February 3, 2005

Analysis: The economics of commercial open source

Author: Lajos Moczar

Editor's note: This is the second article in the series "The Open Source Monopoly." The goal of the series is to expose a trend in open source that is leading to the creation of a new breed of "effective" monopolies by commercial open source companies. The third and final article, "A Call for Open Source Reform," (to be published Friday here on ITMJ) presents some solutions to the current trend in open source and offers a challenge to the open source community for reform.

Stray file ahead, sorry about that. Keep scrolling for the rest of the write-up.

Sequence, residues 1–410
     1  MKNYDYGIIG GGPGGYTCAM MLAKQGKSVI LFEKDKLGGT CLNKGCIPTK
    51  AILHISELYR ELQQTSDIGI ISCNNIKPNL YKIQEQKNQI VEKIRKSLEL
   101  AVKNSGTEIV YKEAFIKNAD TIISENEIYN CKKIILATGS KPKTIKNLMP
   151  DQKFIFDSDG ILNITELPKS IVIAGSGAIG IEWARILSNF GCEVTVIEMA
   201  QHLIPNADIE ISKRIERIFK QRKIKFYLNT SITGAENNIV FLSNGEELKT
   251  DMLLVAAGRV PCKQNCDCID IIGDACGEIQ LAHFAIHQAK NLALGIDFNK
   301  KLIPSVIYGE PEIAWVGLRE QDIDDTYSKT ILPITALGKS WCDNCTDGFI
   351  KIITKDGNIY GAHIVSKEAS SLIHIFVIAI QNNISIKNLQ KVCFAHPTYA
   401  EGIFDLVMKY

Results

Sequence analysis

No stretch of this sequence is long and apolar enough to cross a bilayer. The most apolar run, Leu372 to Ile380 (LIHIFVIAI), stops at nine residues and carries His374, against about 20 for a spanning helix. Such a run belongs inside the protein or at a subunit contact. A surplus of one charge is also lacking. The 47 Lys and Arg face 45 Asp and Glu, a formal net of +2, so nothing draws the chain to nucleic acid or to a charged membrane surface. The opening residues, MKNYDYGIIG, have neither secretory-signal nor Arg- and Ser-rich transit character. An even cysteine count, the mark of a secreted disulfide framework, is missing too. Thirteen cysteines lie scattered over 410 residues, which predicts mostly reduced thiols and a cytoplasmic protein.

This article expands upon my previous one, "The Open Source Monopoly". In it, I laid out the premise that commercial open source (COS) companies the likes of Red Hat, MySQL, and JBoss are examples of a new trend in the open source movement. In this trend, which I call the "Commercial Model" of open source; these companies have positioned themselves to be the de facto "names" in the open source movement. While this may be seen as a natural evolution of the marketplace, I believe that it violates the true spirit of open source, a spirit based in freedom, artistic expression, and technological innovations. The result of this trend is what I am calling an effective monopoly, one in which a select group of brand-name open source companies dominate the industry. Thanks to this monopoly, open source is ending up less the revolution it was intended to be and more an opportunity for the industry at large to redefine old practices under new terms.

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